The speech over, the Vice-Chancellor put the question. There was a roar and counter-roar of “placets” and “non-placets.” A scrutiny was then ordered, and the first resolution—the censure of the passages from the Ideal—was carried by 777 to 391; the second—the degradation—by a much smaller majority, 569 to 511. Then came the proposal for the condemnation of Tract 90. The Vice-Chancellor read the resolution. But now the two Proctors rose, Mr. Guillemard and Mr. Church, and uttered the words which, except on one memorable occasion, the Hampden case, no one living had ever heard pronounced in Convocation. When the resolution was put, a shout of “non” was raised, and resounded through the whole building, and “placets” from the other side, over which Guillemard’s “nobis Procuratoribus non-placet” was heard like a trumpet and cheered enormously. The Dean of Chichester threw himself out of his doctor’s seat and shook both Proctors violently by the hand, and, without any formal dissolution, indeed, without a word more being spoken, as if such an interposition as the Proctor’s veto stopped all business, the Vice-Chancellor tucked up his gown, and hurried down the steps that led from his throne into the area, and hurried out of the theatre; and in five minutes the whole scene of action was cleared. Mr. Ward was cheered by the undergraduates as he left the theatre, and the Vice-Chancellor was saluted by hisses and snowballs from the same quarter.
It was noticed that Mr. Gladstone’s non-placet was peculiarly vehement. He voted in Mr. Ward’s favour on both propositions. All the Fellows of Balliol without exception supported Mr. Ward likewise in both votes.
It should be noted that in 1871, Newman was still a controversial person in Catholic and Protestant circles, thus explaining the delicacy of Newman's dedication to Church:
VERY REV. RICHARD WILLIAM CHURCH, M.A.
DEAN OF ST. PAUL'S
MY DEAR DEAN,
WHEN I lately asked your leave to prefix your name to this Volume of Sermons preached before the University of Oxford, I felt I had to explain to myself and to my readers, why I had not offered it to you on its first publication, rather than now, when the long delay of nearly thirty years might seem to have destroyed the graciousness of my act.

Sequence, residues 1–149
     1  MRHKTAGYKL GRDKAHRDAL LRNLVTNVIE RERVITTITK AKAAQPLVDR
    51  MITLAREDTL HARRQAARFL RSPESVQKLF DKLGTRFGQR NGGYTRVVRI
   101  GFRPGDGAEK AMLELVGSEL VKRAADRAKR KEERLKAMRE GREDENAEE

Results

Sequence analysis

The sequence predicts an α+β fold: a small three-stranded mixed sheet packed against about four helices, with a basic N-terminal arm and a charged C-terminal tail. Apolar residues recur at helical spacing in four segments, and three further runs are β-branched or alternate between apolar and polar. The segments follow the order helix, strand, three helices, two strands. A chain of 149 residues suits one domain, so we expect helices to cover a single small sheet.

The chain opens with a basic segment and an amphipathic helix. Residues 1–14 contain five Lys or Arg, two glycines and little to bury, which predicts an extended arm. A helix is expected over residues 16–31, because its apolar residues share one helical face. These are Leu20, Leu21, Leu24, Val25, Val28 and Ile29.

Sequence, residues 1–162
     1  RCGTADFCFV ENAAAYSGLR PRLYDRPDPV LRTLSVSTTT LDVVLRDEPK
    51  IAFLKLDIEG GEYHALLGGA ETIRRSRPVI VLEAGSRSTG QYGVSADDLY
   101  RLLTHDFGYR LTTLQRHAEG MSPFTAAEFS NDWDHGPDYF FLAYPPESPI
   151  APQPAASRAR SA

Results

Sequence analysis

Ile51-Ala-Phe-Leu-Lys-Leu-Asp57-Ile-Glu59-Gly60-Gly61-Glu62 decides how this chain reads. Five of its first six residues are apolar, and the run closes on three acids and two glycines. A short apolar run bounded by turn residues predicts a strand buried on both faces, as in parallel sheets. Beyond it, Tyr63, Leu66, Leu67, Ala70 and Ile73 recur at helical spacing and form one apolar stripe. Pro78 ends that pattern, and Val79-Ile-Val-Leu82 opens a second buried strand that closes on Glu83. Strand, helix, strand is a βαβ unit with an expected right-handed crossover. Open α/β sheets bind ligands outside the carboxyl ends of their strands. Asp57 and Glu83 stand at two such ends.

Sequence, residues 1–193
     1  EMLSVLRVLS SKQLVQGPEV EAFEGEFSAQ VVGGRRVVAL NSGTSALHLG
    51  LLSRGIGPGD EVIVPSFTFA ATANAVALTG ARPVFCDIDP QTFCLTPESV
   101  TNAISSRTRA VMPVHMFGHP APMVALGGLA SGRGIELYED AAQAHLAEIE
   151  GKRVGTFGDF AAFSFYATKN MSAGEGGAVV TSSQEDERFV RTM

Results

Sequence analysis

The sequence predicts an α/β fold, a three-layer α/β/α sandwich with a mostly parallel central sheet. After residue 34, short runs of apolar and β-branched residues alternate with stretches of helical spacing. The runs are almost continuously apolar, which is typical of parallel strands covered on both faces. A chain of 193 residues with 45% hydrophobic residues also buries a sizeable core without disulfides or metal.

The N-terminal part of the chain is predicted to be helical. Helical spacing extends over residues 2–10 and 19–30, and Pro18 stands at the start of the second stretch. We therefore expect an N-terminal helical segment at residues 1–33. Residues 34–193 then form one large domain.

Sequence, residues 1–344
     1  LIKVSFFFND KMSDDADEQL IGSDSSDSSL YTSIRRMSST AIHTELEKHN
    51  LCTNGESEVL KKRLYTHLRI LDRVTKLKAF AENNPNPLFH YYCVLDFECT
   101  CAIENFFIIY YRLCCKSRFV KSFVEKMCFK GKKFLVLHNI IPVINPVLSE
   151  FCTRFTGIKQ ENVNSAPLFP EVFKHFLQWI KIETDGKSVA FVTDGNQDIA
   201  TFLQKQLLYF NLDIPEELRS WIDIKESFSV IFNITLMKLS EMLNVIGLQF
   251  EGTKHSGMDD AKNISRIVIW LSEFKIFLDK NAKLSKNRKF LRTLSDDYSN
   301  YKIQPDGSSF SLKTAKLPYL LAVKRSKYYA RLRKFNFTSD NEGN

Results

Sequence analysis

For you were one of those dear friends, resident in Oxford, (some, as Charles Marriott and Charles Cornish now no more,) who in those trying five years, from 1841 to 1845, in the course of which this Volume was given to the world, did so much to comfort and uphold me by their patient, tender kindness, and their zealous services in my behalf.
I cannot forget, how, in the February of 1841, you suffered me day after day to open to you my anxieties and plans, as events successively elicited them; and much less can I lose the memory of your great act of friendship, as well as of justice and courage, in the February of 1845, your Proctor's year, when you, with another now departed, shielded me from the "civium ardor prava jubentium," by the interposition of a prerogative belonging to your academical position.
But much as I felt your generous conduct towards me at the time, those very circumstances which gave occasion to it deprived me then of the power of acknowledging it. That was no season to do what I am doing now, when an association with any work of mine would have been a burden to another, not a service; nor did I, in the Volumes which I published during those years, think of laying it upon any of my friends, except in the case of one who had had duties with me up at Littlemore, and overcame me by his loyal and urgent sympathy.
Accept then, my dear Church, though it be late, this expression of my gratitude, now that the lapse of years, the judgment passed on me by (what may be called) posterity, and the dignity of your present position, encourage me to think that, in thus gratifying myself, I am not inconsiderate towards you.
I am, my dear Dean,
Your very affectionate friend,
JOHN H. NEWMAN.